Elise handed me a sticky pad sheet and a blue pen and direct instructions.
“Give me some songs to get, dad.”
I took the assignment seriously. At age 15, there’s about as much Eagles coming from her iPod as One Direction. A Bon Jovi song for every Bruno Mars. This was important stuff.
I can’t imagine there were fewer than 17,000 songs (give or take) that spun through the digital jukebox between my ears. This had to be more precise than a Peyton Manning touchdown pass, more exclusive than a Colorado Rockies playoff ticket.
These would be songs we’d listen to on the way to school together. To soccer practice. On tortilla and chocolate-chip grocery-store runs.
Here are the 10 I chose, and why:
I’ve always placed this song on the level with Ode to Joy, the final movement of Beethoven’s 9th symphony. The stark lyrics, the transitions between that almost 70s rock intro to the driving precision of the middle to the angry solos … this one is as complex and beautiful as it is dark.
Let it Be
As a kid, I had no concept of the acrimony surrounding the Beatles at the time. Then, it (wrongly) stood for a transcendent spirituality I didn’t fully understand. I hope this hymn brings comfort to Elise, in times of trouble, even in those times I cannot be there.
It’s a hymn in disguise, wrapped in grungy guitar. I’d just begun college when I heard it, cut my shoulder-length hair to a buzz, and had a world of learning ahead of me. “Teach me how to speak/teach me how to share/tell me where to go/tell me, will love be there?” Will Elise ask this too?
Smells Like Teen Spirit
Another one from my collegiate soundtrack, this one probably better represented what I understood about the world around me: Misunderstanding at best, chaos at worst. Elise, welcome to the brand of creative genius of Kurt Cobain. He was also a dad, with a daughter 5 years older than you.
I Feel Fine
Marie once made a happy beeline in Old Navy to a color-splashed tee with the faces of four lads on it, but it wasn’t One Direction. The Beatles of shorter, shaggy hair and turtlenecks had that effect in their early days, and this song – built around a simple John Lennon riff – represents that well.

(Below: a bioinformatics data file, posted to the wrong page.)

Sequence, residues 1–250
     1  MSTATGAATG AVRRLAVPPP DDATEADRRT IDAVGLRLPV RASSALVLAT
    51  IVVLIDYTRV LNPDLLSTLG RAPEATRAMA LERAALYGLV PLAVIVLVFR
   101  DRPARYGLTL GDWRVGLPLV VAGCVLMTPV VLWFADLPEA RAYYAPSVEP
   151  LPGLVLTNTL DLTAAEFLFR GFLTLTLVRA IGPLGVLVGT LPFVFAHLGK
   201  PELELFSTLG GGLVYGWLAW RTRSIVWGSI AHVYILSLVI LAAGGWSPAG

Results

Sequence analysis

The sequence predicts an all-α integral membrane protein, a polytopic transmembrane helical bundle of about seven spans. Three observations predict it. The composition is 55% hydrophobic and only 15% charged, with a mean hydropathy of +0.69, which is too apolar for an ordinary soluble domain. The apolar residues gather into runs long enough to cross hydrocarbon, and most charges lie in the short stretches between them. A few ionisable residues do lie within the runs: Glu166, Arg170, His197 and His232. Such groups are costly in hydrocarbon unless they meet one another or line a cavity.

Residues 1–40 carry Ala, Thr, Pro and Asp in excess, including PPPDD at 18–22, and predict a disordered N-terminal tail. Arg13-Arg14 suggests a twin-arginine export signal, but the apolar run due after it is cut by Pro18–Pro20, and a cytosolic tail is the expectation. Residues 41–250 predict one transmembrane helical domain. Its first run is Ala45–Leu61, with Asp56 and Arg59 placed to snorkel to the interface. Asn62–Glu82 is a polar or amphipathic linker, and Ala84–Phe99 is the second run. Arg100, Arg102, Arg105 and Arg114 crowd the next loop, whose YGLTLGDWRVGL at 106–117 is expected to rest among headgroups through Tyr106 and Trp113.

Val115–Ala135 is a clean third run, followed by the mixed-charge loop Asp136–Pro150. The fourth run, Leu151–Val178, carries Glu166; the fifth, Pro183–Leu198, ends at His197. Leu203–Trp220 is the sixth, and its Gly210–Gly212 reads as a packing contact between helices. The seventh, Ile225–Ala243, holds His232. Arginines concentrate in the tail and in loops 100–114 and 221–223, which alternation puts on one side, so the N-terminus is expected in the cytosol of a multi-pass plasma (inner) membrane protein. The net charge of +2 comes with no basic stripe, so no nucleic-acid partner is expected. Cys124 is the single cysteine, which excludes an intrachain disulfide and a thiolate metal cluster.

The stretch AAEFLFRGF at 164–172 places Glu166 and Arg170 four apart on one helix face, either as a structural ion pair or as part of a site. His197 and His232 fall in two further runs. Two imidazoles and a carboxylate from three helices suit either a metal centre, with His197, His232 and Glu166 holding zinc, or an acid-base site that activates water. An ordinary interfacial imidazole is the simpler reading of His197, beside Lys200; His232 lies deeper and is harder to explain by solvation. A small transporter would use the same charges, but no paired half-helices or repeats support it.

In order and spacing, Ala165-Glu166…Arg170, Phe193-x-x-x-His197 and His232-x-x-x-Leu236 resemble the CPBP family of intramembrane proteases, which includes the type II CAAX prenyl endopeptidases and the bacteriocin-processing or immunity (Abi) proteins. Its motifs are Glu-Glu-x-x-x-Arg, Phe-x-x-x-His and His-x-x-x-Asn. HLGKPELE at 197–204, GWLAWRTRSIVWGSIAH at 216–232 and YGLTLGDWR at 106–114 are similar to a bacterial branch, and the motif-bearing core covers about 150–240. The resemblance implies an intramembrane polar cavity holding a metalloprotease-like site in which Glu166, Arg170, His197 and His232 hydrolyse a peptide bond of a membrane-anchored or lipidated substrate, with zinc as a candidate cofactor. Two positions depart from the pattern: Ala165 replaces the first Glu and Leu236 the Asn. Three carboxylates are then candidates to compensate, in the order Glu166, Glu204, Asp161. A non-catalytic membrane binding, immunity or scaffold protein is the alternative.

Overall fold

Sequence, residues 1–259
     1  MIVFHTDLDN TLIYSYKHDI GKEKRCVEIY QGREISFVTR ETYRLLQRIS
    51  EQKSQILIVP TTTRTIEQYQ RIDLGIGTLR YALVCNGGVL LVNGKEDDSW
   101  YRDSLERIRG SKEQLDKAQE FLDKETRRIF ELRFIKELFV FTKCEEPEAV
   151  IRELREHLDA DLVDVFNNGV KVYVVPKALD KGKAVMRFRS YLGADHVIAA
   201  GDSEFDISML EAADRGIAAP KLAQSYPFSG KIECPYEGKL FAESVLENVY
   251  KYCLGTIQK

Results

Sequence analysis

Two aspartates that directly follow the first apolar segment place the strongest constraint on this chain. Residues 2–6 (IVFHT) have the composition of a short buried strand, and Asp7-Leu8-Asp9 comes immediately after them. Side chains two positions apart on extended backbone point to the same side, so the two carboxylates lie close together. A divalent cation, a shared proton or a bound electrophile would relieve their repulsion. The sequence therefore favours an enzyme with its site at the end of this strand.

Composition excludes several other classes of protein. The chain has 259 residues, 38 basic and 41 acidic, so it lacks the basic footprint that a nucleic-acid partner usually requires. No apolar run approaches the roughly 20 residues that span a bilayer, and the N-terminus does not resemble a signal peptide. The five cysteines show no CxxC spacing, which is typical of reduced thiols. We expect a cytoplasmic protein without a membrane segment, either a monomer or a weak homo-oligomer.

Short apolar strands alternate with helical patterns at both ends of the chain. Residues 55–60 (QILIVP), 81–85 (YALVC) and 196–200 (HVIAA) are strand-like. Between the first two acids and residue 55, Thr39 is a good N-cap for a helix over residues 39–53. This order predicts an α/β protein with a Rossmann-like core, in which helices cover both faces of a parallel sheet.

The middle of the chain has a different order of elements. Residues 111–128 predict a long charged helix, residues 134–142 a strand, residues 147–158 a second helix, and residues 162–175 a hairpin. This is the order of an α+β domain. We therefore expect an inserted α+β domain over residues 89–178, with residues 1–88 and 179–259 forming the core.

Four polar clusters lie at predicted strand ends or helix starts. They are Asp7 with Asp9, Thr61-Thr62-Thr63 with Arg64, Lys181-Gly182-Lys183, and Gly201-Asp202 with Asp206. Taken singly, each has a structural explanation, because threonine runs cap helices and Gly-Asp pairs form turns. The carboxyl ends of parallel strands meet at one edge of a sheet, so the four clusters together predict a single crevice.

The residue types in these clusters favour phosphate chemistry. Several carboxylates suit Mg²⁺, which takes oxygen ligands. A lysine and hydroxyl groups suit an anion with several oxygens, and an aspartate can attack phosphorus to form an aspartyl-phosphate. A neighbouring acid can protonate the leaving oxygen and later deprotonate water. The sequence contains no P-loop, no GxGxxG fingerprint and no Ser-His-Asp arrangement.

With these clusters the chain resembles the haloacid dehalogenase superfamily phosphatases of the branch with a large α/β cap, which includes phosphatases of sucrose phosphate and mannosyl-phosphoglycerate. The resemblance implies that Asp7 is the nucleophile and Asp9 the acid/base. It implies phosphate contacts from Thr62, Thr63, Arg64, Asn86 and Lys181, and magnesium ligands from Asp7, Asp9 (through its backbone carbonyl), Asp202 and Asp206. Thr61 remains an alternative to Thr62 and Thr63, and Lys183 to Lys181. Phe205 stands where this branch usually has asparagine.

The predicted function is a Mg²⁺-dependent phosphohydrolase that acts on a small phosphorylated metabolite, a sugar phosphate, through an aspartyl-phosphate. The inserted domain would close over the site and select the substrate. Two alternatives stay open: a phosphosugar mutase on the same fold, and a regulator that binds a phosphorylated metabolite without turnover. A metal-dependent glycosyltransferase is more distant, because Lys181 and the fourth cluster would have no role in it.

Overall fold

Mumford and Sons
I Will Wait
Dad’s not only about the Oldies. Structurally, I love the folksy feel and proud brass, and effective use of repetition (hear me, Maroon5?) Interpret the lyrics how you’d like, but for me, I want Elise to know that no matter what life brings, dad will go anywhere, do anything, wait or hurry, whatever it takes.
Take Me Out
Sad lyrics, driving beat. If I ran, this’d be on my run playlist. It’s one of those you want to kick ass after you hear it. The beat will conjure that. In a lyrical sense, it’s a bustling metaphor for those awkward moments of attraction and self-doubt from our teens that follow us way into adulthood.
Lyrics speak to us. I followed my heart on all these, to include the dark (One) the mysterious (Teen Spirit) and even the spiritual (Let it Be.) This one reinforces the notion of what a dad will do for his children. No, we can’t fix everything. But no matter what, we will always try.
You Raise Me Up
This will move you, Elise. There’s a power in stillness and in the quiet that means spirituality at its core. Who raises us up? Our faith does in a spiritual sense, but that one who “sits awhile with me” can be anyone with faith in you – me, your mom, your sisters or friends … or someone in your future.
She’s So High
Know when we boys seem so clueless? We act when we shouldn’t, we sit idle when action is best. We get it wrong. We give space when we should draw you near, hold you close rather than grant freedom. Sometimes, we’re smart enough to revere you, and navigation isn’t easy for us.
Like Cleopatra, Joan of Arc or Aphrodite, even.
I hope some of these songs will make you think. Or give you some comfort when you need it. But, not all the time.
Sometimes, music is just music, and that’s good. On the way to practice next time, let’s roll down the windows and turn it up, OK?